"It is his [the poet’s, the writer’s] privilege to help man endure by lifting his heart, by reminding him of the courage and honor and hope and pride and compassion and pity and sacrifice which have been the glory of his past. The poet’s voice need not merely be the record of man, it can be one of the props, the pillars to help him endure and prevail."
— William Faulkner in his speech upon receiving the Nobel Prize of Literature (December 10th, 1950) (via predatorywaspobserver)
"O to have life henceforth a poem of new joys! To dance, clap hands, exult, shout, skip, leap, roll on, float on! To be a sailor of the world bound for all ports, A ship itself, (see indeed these sails I spread to the sun and air,) A swift and swelling ship full of rich words, full of joys.”
"It is thus, if there is any rule, that we ought to die— neither as victim nor as fanatic, but as the seafarer who can greet with an equal eye the deep that he is entering, and the shore that he must leave." - E. M. Forster
A favorite poem:
Sunset and evening star, And one clear call for me! And may there be no moaning of the bar, When I put out to sea,
But such a tide as moving seems asleep, Too full for sound and foam, When that which drew from out the boundless deep Turns again home.
Twilight and evening bell, And after that the dark! And may there be no sadness of farewell, When I embark;
For tho’ from out our bourne of Time and Place The flood may bear me far, I hope to see my Pilot face to face When I have crossed the bar.
- Crossing the Bar, Alfred Lord Tennyson
A new favorite song:
"Death is just a door, Blake said it first. It’s just another room we enter, it’s a threshold that hurts. Birth is just a chorus, death is just a verse In the great song of spring that the mockingbirds sing. We come and we go, a-weeping and a-wailing, Our heads in the hands of the nurse. Well, put your head on my shoulder, baby, tell me where it hurts. You say you lost your one and only, could it get any worse? I said, death is just a door, you’ll be reunited on the other side.”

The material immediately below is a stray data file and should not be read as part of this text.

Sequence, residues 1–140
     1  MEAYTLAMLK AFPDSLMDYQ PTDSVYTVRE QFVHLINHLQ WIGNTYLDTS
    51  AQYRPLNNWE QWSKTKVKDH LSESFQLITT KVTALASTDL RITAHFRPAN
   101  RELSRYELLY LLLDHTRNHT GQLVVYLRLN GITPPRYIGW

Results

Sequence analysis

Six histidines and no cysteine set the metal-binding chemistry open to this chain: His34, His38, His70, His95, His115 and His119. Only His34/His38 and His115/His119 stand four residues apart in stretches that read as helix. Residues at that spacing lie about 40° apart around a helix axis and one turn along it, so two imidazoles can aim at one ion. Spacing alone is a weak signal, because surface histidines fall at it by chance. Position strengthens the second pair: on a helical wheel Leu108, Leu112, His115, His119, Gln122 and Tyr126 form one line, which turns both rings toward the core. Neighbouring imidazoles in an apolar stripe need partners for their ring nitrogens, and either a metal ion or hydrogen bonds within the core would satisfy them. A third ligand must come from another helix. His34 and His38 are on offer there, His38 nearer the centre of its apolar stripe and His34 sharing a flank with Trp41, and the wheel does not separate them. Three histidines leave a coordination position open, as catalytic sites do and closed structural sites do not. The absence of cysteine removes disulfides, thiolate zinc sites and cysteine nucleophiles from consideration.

- Blake’s View, M. Ward
It seems that we need metaphors to bravely face death, either our own or another’s.
The backstory is great. Dybek met an Asian tourist couple on Michigan Avenue on the windiest, coldest winter night. The wind was blowing so hard they couldn’t even manage to take pictures of each other. So the author offered to take a picture of the couple by bracing himself against a no-parking sign. After he took the picture, the male tourist, whose English was no good, just held up his guide book to Chicago (that proclaimed us the Windy City, of course) and said over and over as thanks— Windy City! Windy City!— as if the city had not let him down at all.
Windy City by Stuart Dybek
The garments worn in flying dreams were fashioned there— overcoats that swooped like kites, scarves streaming like vapor trails, gowns ballooning into spinnakers.
In a city like that one might sail through life led by a runaway hat. The young scattered in whatever directions Their wild hair pointed, and gusting into one another, they fell in love.
At night, wind rippled saxophones that hung like wind chimes in pawnshop windows, hooting through each horn so that the streets seemed haunted, not by nighthawks, but by doves.
Pinwheels whirred from steeples in place of crosses. At the pinnacles of public buildings, snagged underclothes—- the only flag—-flapped majestically. And when it came time to disappear
one simply chose a thoroughfare devoid of memories, raised a collar, and turned one’s back on the wind. I remember closing my eyes into a swirl of scuttling leaves.